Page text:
Love Letter #4 (Growing Pains)

March 2, 2010  |  journal entries

“Relationships take work,” they say. But as someone who now knows I spent way too long in failed or failing relationships, desperately clinging to any fragment of hope or chance of ‘making it work,’ as someone who stayed with abusers, bought their bullshit and was convinced by their smooth-talking blame-the-victim manipulations, as someone trying to wake up to my own power and control and confidence (and yes, maybe I’m spectrum-banging there a little bit, but I think sometimes that’s how I learn), as someone finally finally able to say, “I feel when you because,” and “you’re right, I’m sorry,” as someone who is still prone to overgiving and overwhelm and losing myself, my tendencies go the other way: to RUN. That this, this one, this time, this sign is The Sign, that any red flag is a Red Flag and is grounds to be a dealbreaker, that in six months I’ll look back to now and say there, that’s when it all went to hell, that was the point of no return, I should have listened to my gut, why’d I stay, why’d I trust her, again, how did I get here, I lost myself again, I swore that would never happen and here I am …

But that is not this relationship.

I am still skittish. I am still prone to explosions of emotion when I get scared. I am still unsure—not so much of her, or of this beautiful shiny strong relationship we are building, but of myself, my own ability to keep myself strong, solid, taken care of, whole.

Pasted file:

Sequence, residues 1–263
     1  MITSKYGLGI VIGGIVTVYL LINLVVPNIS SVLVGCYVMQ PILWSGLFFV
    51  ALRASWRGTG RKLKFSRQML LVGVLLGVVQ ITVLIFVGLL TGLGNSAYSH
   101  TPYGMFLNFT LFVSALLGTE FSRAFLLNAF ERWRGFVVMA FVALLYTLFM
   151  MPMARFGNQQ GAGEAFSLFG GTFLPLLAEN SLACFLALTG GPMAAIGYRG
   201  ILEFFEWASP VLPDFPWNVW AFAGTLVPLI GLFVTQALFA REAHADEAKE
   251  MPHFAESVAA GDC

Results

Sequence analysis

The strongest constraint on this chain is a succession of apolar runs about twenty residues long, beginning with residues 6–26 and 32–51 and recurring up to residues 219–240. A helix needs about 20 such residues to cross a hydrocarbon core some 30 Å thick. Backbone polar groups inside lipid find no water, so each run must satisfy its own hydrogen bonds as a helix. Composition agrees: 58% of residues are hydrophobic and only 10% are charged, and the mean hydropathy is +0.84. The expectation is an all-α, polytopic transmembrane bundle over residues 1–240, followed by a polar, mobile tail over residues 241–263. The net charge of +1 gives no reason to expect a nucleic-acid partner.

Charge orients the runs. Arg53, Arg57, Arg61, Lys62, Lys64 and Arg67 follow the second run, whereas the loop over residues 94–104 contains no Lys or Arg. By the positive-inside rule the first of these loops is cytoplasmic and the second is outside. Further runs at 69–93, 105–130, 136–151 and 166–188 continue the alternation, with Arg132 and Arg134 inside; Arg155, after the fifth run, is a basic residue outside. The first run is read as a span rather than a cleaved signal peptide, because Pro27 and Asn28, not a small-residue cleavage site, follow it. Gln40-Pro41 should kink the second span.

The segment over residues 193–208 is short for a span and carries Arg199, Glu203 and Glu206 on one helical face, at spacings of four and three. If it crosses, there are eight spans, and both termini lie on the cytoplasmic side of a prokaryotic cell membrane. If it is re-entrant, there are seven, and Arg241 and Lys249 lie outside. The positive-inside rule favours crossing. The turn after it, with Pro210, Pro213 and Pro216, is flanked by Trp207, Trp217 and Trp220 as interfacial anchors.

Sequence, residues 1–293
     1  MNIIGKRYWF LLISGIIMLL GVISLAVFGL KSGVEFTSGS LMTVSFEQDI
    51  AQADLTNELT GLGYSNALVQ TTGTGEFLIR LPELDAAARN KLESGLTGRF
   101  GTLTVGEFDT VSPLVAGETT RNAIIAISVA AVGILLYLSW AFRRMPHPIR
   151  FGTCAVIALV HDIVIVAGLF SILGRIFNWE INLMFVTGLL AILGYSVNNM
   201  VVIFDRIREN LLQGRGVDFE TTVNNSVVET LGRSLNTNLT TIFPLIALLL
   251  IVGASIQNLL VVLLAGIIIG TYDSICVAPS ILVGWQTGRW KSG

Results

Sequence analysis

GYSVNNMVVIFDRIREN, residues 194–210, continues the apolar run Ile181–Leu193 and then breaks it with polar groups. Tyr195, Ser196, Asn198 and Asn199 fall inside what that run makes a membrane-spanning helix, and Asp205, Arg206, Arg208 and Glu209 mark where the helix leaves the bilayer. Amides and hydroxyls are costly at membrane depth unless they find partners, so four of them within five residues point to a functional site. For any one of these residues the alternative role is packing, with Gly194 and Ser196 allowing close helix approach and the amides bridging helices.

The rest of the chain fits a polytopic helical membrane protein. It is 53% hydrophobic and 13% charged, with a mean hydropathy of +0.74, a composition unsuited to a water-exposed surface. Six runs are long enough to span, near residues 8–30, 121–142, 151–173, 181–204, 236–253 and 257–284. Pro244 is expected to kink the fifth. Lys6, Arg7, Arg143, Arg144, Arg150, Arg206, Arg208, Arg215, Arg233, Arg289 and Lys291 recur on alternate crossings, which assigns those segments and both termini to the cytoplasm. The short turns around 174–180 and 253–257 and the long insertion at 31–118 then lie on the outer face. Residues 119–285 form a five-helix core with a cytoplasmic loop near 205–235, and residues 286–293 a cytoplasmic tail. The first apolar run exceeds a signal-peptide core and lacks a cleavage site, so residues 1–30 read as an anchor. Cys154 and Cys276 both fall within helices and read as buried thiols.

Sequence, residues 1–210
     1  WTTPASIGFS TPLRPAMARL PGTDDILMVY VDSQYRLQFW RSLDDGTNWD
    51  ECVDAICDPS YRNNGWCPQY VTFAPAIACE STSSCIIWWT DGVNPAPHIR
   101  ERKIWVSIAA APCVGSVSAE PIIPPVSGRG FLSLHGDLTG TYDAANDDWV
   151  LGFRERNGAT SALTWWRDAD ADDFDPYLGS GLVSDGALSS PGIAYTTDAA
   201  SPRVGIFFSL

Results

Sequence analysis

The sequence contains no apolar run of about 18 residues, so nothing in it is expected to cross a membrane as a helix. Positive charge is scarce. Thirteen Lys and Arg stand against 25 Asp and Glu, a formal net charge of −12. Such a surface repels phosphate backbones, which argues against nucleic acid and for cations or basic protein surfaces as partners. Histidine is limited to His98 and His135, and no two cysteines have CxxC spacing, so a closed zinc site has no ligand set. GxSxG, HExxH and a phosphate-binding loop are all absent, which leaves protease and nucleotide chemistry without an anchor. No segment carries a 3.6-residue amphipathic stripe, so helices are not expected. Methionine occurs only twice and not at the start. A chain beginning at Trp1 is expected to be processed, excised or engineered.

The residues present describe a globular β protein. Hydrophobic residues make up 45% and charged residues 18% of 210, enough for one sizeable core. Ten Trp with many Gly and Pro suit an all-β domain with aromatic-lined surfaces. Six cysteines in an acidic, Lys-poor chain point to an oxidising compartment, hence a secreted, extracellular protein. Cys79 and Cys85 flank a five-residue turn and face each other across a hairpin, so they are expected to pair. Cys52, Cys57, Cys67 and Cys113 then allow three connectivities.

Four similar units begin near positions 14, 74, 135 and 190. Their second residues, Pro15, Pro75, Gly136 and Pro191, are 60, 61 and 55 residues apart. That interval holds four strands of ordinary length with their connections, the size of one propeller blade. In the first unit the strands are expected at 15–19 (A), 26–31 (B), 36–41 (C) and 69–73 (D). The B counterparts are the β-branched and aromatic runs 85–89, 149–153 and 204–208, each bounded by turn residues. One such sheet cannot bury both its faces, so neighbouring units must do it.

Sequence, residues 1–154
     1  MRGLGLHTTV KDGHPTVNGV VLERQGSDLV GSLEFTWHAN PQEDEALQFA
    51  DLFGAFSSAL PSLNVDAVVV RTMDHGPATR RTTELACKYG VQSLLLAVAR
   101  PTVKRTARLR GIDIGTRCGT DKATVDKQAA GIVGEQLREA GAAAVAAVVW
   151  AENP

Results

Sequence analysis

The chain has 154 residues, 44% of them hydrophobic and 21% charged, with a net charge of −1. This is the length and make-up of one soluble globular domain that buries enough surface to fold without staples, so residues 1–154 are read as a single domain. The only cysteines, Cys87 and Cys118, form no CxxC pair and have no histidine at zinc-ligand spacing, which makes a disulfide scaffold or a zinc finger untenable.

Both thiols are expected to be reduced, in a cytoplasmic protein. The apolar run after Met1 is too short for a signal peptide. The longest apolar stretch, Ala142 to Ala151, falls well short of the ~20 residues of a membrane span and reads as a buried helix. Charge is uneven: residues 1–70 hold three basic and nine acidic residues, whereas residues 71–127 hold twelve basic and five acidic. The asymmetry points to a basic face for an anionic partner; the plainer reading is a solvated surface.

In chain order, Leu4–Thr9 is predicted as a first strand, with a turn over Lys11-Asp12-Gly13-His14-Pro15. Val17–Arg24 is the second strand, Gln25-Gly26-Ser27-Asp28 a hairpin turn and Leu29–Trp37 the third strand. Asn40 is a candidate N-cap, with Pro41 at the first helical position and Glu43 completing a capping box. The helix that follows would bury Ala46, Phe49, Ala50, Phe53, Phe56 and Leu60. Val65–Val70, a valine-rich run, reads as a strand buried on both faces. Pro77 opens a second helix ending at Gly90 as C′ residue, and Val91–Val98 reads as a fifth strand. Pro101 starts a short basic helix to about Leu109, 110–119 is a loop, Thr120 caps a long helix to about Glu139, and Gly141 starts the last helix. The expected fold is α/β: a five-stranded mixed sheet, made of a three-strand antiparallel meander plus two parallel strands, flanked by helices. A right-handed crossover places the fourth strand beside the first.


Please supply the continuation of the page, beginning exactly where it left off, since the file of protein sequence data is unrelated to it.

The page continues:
It comes up again and again, especially lately, since she’s been in crisis and I want to help. I am a helper, and a service top, after all. My job is to take and care (but not caretake). My role is to comfort and protect. And when we both started realizing it was too much, and our parts in that, that I took on too much responsibility for her well-being and that she was leaning on me too much and not taking care of herself, I was left unsure of my standing.

What does she need me for, if she doesn’t need me for this?

Then came the silence, and look we stumbled upon another one of my many triggers: withdrawing. And we discovered containment doesn’t mean withdraw, and that I still need to learn how to listen without giving advice.

I need to remember who it is I am dating: her, this girl, only her, not any of my exes. How does one undo triggers, once they’re found? Or will they just always be there, like an old skiing injury, something to be constantly aware of and work around?

I need to remember this, rely on it: here are the things she and I are particularly good at:

  1. Telling each other, as openly, kindly, and honestly as possible, how we feel about where we’re coming from